Alcohol and gender
Generally, throughout the world, men consume more alcohol and cause more problems related to that drinking than women. Studies from around the globe reveal that intimate partner violence and alcohol are often intricately related problems. Nonetheless, there’s little evidence of a causative relationship between the two and the nature of the association is complex. This observation is the starting point of the booklet “Cheers to the Family,” which addresses intimate partner violence and alcohol issues.
Sonke Gender Justice, a South African NGO, has produced thee short documentaries chronicling the lives of three young men who , among other things, reflect on issues around alcohol and masculinity. Now they are peer educators for Sonke.
Urgent action is needed to prevent more children from acquiring disorders due to mother’s alcohol consumption during pregnancy. This is the appeal from the first international conference on prevention of foetal alcohol spectrum disorders, held in Edmonton, AB, Canada, on Sept 23—25, 2013.
In its Call for Action to the Commission on the Status of Women in 2013, the global MenEngage alliance defined policies to decrease alcohol consumption as one of ten priority areas of action to reduce violence against women.
A new evidence overview points at excessive alcohol consumption as one the key drivers behind intimate partner violence. The report is written by senior lecturer Lori Heise at the London School of Hygiene and Tropical Medicine.
Every third man who has been drinking alcohol beats his partner according to a study in Rwanda from 2010. The cultural norm constituted in a society like Rwanda is that the man decides, men dominate. It is a characteristic for many countries in Africa where women's rights remain subordinate to those of their husbands.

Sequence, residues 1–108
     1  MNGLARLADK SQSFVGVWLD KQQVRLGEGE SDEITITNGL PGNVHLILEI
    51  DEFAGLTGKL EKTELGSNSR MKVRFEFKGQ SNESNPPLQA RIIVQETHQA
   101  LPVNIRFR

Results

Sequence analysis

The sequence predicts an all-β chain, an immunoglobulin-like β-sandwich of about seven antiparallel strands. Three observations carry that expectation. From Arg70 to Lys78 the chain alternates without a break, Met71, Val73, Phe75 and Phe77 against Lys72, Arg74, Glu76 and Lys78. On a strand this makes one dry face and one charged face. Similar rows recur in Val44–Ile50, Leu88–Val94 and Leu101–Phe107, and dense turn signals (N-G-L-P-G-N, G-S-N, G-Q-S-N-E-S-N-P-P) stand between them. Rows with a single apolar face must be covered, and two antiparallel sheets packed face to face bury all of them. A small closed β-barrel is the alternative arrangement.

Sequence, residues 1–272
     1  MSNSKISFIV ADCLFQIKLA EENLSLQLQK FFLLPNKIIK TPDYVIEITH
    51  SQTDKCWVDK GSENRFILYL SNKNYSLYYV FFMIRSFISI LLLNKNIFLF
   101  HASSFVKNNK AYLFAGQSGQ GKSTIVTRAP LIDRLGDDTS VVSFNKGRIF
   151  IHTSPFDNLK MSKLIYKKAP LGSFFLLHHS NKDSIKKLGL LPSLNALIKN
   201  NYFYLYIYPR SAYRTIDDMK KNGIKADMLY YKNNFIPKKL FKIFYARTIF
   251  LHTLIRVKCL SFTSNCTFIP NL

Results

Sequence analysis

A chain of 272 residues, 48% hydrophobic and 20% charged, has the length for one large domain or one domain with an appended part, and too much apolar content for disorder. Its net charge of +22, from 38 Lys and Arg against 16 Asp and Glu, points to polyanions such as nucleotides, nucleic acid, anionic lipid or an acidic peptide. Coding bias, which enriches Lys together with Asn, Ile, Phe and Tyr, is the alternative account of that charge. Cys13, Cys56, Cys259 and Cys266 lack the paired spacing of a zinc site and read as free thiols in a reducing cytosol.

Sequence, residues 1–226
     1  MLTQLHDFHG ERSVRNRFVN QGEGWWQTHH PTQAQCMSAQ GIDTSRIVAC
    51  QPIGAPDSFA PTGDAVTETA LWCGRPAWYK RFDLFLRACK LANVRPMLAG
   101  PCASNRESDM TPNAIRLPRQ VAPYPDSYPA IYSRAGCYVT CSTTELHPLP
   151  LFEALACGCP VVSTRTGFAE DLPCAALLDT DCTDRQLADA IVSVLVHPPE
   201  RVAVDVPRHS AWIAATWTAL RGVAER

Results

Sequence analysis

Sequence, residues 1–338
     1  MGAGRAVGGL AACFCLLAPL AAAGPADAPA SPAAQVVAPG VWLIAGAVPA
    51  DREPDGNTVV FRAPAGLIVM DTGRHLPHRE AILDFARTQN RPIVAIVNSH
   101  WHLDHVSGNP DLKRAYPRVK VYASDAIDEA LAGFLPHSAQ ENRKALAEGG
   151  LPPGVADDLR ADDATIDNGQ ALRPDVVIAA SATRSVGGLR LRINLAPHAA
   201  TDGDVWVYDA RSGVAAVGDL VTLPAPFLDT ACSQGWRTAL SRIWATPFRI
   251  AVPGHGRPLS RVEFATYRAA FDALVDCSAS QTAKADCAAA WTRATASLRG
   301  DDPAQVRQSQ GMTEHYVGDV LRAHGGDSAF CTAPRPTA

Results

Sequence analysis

Publication on intimate partner violence and alcohol
No society is immune from intimate partner violence. Alcohol plays a significant role in those tragic events, breeding violence from the combination of intoxication with ill-conceived images of masculinity and repressive social norms.
"Reconstructing manhood", Oslo, 26-27 October 2010
Below you will find presentations, material, links and other resources from the conference "Reconstructing manhood", Oslo, 26-27 October 2010:
This was one of the messages that came out of the conference “Reconstructing Manhood?” which took place in Oslo 26-27 October. The conference was the first of its kind in Norway, presenting experiences from engaging men in developing countries to a Norwegian audience.
Men can be mobilized to change men and harmful images of masculinity. Men can be a part of the solution! This was the optimistic message from Kenya and South Africa at a FORUT seminar in Malawi recently.
By innovative and well designed programs it is possible to involve men in changing sexist, risky and violent behaviour. This is the conclusion of a WHO report which has reviewed 58 programs aimed at engaging men in changing male identity and behaviour.